Unity noise-filtered procedural mesh

Noise homework completed, with Quinn’s help. We created C# scripts, named MeshCreator and CubeMaker, and used them to spawn the 20×20 grid of cubes. We then downloaded a Perlin noise function from a professor-supplied website and tied that function to the height of the cubes. This caused the cube’s height to change depending on the noise function, creating this wavy-water effect.

Upcoming project: Noise in Unity

posting from my iPad because I’m exercycling and my desktop is streaming Overwatch League. The doctor informed me yesterday that my blood pressure and cholesterol are both slightly high, which I partly blame on there being nowhere to eat near college except a McDonalds and a Jack-in-the-box.

Another homework assignment for ProcGen class, this time we need to make a 20×20 field of cubs whose top side has a randomly-generated height. But we gotta add a noise function so each cube tapers into the next, so basically we’ll have a nice “calm waves on an oceantop” feel. I’ve completed part 1, spawning a single cube, since we just had to paste the code from class into MonoDevelop, but I’m struggling with the next step, duplicating said cube into 20 via MonoDevelop, not just duplicating the cube within the Unity visual editor. I meet up with Almir tomorrow, hoping he’ll be able to help me going forward, and I’ll report what I learn here.

In other news, a friend of mine is submitting their novella to a publishing contest, and they were acting really scared and self-deprecatingly fatalistic, so to show them they had a good story I wrote a quick rap summing the plot up. I originally synced it to some royalty-free beats but it made the song really repetitive; if I can learn to make my own music I’ll reexplore adding music but for now you can listen to the raps a cappella. If they win the contest, I’ll link you to their novella!

Final result on them particle systems

The C++ one is now downloadable from the same URL You can get all my other SFML projects: https://aabicus.itch.io/c-plus-plus-projects



My initial Unity effect, an explosion with shockwave and smoke, is admittedly really bad.


I was still wrapping my head around how to do anything, and I hadn’t gotten into the “lets really fuck shit up” mindset that usually leads to creative results. Case in point, the rainbow hellfire I somehow stumbled into after setting enough sliders to bizarre places:




I mean, I’m not gonna toot my own horn, but that actually looks decently cool. I replaced the default texture with my own, added tails, and streeeetched those tails out; they’re actually the majority of the effect. I originally had the camera at a birds eye angle, showing a big circular ‘radiating out’ effect, but it looked a lot cooler when you stuck the camera right in the middle. Looks like you just got nuked by Lisa Frank or something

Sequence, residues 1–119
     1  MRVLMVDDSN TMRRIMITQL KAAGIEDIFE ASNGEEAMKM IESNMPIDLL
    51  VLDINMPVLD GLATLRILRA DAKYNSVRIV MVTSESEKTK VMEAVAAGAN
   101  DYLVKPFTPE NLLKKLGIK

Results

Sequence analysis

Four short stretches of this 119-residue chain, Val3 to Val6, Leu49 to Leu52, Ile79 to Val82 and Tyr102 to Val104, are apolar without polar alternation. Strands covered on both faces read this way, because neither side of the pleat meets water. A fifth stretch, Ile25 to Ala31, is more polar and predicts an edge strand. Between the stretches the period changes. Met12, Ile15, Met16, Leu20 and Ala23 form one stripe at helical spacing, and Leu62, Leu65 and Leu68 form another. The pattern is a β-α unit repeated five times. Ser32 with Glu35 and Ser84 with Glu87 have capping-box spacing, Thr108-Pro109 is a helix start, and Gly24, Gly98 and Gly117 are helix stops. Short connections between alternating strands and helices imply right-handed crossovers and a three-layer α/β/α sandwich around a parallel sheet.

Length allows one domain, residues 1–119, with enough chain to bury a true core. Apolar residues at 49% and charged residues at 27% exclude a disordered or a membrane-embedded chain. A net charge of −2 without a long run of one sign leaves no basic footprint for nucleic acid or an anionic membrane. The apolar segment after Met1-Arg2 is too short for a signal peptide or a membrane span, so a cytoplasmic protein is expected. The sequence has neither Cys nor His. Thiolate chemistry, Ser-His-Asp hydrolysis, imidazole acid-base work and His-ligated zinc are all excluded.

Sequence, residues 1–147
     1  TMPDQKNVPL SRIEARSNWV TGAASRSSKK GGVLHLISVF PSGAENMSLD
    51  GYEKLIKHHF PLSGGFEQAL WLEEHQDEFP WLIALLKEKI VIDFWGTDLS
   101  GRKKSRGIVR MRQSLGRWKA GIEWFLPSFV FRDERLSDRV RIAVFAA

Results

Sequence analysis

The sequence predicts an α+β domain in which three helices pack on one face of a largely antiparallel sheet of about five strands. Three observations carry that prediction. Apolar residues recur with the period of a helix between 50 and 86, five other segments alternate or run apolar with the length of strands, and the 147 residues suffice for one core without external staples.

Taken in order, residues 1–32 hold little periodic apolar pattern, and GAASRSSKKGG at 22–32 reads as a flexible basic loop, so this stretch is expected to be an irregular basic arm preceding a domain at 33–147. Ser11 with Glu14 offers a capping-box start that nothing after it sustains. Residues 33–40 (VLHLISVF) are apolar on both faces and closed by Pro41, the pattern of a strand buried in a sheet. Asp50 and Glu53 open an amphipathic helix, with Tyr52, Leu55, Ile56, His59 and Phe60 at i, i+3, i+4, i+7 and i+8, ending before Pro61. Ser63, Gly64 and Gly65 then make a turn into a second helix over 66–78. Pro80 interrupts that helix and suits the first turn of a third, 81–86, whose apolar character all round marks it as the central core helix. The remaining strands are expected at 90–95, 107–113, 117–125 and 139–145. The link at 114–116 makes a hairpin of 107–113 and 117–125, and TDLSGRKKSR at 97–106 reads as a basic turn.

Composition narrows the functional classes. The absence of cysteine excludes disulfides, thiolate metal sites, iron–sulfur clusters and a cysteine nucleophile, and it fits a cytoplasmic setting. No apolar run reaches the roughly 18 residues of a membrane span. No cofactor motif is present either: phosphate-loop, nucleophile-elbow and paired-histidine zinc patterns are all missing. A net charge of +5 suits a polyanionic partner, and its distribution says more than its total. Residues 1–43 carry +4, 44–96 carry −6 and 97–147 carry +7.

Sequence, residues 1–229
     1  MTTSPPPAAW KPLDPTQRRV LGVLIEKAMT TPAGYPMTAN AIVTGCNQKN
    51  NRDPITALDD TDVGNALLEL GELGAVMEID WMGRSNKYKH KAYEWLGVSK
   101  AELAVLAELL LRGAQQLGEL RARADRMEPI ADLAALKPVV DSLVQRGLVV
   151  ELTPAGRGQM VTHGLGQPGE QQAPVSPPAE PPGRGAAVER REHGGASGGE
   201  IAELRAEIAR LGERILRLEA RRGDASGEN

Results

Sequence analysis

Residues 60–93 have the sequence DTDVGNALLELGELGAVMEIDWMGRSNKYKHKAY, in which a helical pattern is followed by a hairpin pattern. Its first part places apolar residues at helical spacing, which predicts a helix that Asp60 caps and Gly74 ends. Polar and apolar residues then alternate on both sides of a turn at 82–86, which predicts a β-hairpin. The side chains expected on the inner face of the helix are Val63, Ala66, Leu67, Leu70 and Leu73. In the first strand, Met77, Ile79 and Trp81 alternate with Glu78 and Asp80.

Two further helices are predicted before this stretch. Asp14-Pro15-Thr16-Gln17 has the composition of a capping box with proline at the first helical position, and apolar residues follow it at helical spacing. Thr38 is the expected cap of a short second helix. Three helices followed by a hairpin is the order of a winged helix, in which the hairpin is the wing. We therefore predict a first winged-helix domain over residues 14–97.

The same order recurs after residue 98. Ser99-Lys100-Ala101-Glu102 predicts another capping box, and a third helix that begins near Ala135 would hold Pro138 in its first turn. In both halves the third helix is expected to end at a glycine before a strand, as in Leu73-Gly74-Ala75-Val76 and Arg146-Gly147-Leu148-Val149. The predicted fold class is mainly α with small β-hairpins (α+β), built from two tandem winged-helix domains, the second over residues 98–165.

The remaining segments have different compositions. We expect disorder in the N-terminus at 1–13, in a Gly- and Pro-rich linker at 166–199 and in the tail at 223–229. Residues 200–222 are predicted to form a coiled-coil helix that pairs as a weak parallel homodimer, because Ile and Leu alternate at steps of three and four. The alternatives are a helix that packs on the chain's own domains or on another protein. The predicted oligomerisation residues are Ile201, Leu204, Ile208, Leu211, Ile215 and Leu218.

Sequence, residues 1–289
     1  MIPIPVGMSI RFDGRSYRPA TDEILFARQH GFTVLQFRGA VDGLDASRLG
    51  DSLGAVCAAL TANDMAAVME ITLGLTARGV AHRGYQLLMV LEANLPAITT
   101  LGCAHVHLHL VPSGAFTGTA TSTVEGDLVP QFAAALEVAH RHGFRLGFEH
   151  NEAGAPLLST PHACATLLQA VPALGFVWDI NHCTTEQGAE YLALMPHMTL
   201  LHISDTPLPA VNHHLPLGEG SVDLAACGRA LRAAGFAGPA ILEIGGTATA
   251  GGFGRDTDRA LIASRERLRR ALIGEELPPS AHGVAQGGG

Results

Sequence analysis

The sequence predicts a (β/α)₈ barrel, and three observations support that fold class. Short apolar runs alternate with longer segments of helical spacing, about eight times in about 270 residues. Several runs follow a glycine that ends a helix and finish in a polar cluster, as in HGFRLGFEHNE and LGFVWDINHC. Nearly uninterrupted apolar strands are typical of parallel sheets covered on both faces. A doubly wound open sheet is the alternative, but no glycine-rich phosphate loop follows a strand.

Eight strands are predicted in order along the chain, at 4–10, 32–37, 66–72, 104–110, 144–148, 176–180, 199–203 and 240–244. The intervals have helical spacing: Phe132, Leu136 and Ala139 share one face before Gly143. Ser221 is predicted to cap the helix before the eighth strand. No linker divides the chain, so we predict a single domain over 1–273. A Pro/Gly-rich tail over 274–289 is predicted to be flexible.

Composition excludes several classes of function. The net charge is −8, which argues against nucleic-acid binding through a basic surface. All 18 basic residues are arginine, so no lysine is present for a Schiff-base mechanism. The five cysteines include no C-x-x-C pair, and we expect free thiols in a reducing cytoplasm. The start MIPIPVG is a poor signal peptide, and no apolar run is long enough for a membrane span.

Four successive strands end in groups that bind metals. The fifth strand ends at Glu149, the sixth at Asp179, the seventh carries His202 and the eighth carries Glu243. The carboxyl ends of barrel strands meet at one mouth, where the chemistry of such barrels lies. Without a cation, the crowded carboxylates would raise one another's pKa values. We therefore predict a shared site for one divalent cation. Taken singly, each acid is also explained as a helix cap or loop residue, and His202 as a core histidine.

How to make a particle system in C++ and/or Unity

I’m just gonna write down everything I remember from the crash course Ahmet gave me tonight on the two particle systems I just had to make for homework.

For the C++ one, we had to make a particle, a particle system, and a main for where the two interact. The particle started off with a header file, where we defined the particle and the various pieces of the particle that made it what it is (initial velocity, initial size, initial color, initial texture, and I think a few others.) Then we created a .cpp file where we typed functions that defined where the particle spawned and what it did. Most of these weren’t literally what the particle did, more like “a bunch of variables showing what the particle will be doing once the ParticleSystem tells it what those variables are gonna be” since 90% of the project requirements involved making sure everything was variable.

So once you had that, the ParticleSystem mostly housed useful functions for determining random numbers, and it had the actual functions that spawned particles using for-loops. There was a header file for the ParticleSystem, which defined what it was and what variables it needed to call, and then the Particlesystem.cpp actually did so, and added variations for all of those attributes we defined in the particle header. The main seemed to mostly define the game’s window itself and then call/draw the ParticleSystem and particle so it would actually appear in the game itself.